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Functional Analysis of LRRK2 Phosphorylation in Human Dopaminergic Neurodegeneration

Although mutations in LRRK2 are the most common genetic cause of Parkinson’s disease (PD) known, the molecular mechanism is unclear. LRRK2 protein is phosphorylated (addition of a phosphate group) at over 30 sites, including S935 and S1292. Although data suggests that LRRK2 activity can be modulated by some of these phosphorylation events, the function of most of these events is unknown. We aim at using midbrain dopaminergic (mDA) neurons to better understand the role of LRRK2 phosphorylation in PD pathogenesis.

Project Description:             
First, we will quantify LRRK2 phosphorylation at multiple sites on mDA neurons. mDA neurons with typical or mutant LRRK2 will be subjected to different experimental conditions. We will analyze and generate a list of differentially regulated phosphorylation sites within LRRK2. Next, we will generate mutant LRRK2 constructs that remove individual phosphorylation sites from LRRK2. Then we will evaluate the PD-related observations in the presence and absence of LRRK2 phosphorylation at specific sites.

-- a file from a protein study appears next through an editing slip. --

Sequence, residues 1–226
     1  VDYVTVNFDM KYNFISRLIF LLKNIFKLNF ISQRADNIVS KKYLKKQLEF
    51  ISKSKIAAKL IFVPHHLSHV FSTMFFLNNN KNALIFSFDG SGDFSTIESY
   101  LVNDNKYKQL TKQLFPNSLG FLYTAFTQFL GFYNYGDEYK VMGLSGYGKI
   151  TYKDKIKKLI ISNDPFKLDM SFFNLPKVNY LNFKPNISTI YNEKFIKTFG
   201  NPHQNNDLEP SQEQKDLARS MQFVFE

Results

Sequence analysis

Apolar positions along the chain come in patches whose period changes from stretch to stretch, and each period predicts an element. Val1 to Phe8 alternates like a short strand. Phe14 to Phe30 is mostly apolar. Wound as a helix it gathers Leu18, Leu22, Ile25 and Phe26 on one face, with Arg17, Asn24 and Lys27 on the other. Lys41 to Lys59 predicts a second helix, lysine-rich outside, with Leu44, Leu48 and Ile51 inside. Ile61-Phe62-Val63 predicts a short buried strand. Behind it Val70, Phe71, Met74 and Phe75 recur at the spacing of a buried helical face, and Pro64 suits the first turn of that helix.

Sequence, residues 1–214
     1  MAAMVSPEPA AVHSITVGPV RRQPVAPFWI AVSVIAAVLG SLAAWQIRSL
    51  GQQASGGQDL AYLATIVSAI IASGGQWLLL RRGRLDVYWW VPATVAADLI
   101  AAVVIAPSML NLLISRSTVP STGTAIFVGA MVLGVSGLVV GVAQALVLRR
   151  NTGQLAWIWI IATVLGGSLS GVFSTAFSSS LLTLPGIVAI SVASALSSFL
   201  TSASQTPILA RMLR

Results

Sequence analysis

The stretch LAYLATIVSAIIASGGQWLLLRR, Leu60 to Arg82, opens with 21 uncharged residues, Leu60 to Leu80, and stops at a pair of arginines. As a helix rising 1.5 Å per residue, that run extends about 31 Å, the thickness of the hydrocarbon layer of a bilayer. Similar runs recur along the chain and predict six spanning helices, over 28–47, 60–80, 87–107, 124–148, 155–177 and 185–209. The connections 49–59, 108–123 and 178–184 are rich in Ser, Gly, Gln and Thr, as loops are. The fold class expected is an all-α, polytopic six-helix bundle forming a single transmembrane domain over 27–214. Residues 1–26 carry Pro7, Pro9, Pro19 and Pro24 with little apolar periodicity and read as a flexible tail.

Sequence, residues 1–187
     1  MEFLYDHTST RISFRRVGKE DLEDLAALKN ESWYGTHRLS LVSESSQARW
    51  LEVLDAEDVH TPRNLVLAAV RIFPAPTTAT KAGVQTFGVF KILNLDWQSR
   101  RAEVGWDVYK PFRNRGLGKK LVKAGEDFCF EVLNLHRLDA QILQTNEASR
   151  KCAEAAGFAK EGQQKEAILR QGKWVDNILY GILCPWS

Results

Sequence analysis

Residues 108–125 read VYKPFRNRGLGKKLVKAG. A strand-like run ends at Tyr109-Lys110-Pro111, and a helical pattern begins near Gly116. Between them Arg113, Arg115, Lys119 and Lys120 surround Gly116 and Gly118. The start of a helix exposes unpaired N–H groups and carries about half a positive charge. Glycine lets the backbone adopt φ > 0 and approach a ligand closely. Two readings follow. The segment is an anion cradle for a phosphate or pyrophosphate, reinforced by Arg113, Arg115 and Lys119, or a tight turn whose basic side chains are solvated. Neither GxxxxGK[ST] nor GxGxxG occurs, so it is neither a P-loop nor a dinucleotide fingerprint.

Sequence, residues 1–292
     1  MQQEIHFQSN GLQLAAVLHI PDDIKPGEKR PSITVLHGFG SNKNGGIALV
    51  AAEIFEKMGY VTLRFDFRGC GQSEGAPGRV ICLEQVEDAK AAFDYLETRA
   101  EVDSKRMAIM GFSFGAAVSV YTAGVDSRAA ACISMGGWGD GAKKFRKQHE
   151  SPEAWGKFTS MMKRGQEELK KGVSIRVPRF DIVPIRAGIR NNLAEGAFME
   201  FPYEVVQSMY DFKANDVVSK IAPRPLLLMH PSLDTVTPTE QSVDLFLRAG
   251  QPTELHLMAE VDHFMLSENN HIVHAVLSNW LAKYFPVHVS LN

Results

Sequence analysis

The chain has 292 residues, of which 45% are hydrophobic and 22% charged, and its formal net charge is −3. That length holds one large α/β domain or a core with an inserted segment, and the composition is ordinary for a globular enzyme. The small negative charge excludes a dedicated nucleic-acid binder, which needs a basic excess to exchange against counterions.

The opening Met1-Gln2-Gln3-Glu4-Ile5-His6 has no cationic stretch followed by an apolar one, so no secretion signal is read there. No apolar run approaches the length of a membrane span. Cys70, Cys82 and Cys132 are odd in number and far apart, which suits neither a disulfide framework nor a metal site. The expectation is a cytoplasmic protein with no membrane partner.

Relevance to Diagnosis/Treatment of Parkinson’s Disease:                     
Modulation of a few LRRK2 phosphorylation sites has been shown to ameliorate PD-related characteristics. As such, understanding the role of additional phosphorylation sites, in particular in human dopaminergic neurons, could lead to the discovery of novel biomarkers of PD. These biomarkers could assist in earlier diagnosis of PD in patients and be useful in testing new drugs. In addition, inhibition of protein phosphorylation is a well-validated strategy for development of new drugs. Therefore, understanding these LRRK2 phosphorylation events could lead to additional therapeutic targets for drug development to treat patients with PD.

Anticipated Outcome:          
This project will lead to a better understanding of how multiple LRRK2 phosphorylation sites are regulated within human mDA neurons and how this affects LRRK2 function and PD pathogenesis.


  • Jared Sterneckert, PhD

    Dresden Germany

  • Thomas Gasser, MD, PhD

    Tuebingen Germany

  • Christian Johannes Gloeckner, PhD

    Tubingen Germany

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